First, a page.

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         “Wait,” Chess cried, running with a feigned limp.  “Do you have water?”
          The two men turned suspicious, dirt-ringed eyes toward Chess as he neared.  The folly of running closer to the wrong end of a rifle howled in Chess’s brain, but he stood, unsteadily, a hand on his bruised ribs, and repeated his plea.  He thought he glimpsed the two men exchanging a look of surprise.
           “You’re military.  You’re wearing a uniform,” one of them barked.
           “I found it.  Here,” Chess answered breathlessly.  “You know, there’s a… there’s an army here.”
          The other man rolled his eyes.  “Yeah, we know.  But why are you here?”
          “Food.”  Chess waved vaguely in the direction of the camp’s waste containers.  “They throw out food.”  He grinned more brightly.  “I’ll share with you.”  Frenzied, he started opening all the pockets in his jacket and dumping out the acorns.  “No… no…,” he muttered.  “Here somewhere…”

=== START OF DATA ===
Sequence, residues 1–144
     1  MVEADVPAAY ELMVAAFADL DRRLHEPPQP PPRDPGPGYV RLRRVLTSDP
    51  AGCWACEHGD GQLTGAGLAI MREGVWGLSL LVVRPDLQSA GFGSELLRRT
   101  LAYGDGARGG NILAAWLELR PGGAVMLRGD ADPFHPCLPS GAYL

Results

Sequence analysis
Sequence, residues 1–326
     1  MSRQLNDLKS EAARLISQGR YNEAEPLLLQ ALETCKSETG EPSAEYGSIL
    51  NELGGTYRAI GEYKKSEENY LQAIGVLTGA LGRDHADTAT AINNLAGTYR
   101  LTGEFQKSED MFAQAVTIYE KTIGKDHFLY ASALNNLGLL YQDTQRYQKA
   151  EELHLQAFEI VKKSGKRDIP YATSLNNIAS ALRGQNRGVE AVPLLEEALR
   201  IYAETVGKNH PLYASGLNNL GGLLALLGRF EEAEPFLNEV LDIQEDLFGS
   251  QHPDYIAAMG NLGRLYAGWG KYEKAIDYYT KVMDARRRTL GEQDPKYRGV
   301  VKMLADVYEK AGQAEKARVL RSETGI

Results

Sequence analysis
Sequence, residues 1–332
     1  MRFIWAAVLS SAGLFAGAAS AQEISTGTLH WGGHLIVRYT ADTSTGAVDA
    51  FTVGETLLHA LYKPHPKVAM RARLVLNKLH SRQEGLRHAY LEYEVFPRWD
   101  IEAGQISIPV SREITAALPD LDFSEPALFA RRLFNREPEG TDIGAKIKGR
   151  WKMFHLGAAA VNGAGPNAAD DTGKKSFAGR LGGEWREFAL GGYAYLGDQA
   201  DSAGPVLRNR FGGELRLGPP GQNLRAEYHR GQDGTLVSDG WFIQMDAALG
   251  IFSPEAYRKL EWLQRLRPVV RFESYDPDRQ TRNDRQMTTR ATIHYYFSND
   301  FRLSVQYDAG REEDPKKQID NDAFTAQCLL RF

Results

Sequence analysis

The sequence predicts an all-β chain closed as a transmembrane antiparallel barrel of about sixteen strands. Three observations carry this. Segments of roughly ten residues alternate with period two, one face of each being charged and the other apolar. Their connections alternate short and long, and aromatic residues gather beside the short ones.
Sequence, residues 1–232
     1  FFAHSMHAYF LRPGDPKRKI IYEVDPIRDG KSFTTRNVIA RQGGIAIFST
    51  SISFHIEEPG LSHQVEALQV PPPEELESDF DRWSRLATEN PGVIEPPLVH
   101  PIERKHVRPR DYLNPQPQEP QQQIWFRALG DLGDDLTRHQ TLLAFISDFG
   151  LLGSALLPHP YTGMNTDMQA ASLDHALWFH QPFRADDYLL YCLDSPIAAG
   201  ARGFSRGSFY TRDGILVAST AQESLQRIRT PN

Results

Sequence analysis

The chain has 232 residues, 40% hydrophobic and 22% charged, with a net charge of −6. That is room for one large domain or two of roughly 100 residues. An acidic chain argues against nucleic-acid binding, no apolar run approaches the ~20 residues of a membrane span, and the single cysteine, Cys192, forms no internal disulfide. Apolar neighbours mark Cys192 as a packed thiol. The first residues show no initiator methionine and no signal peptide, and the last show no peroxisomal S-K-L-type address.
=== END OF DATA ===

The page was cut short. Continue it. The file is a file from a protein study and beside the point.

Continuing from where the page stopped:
“Stop.”  One of the men stepped forward and grabbed his arm.  “Acorns,” he groaned.  “How long you been out here, kid?”  When Chess looked heavenward and started counting on his fingers, the man growled, “Never mind.  You say there’s food?  Show us.”
          Heart pounding, Chess led them slowly toward the trash containers.  He could hear them walking right behind him, could almost feel the rifles pointed at his back.  At a loss now, he was busy wondering what to do once they got to their destination, when he heard an explosion and a cry behind him, followed by still more noise.  Instinctively, he ducked, and by the time he turned around, both men were lying on the ground, blood making dark stains on the dirt around their heads.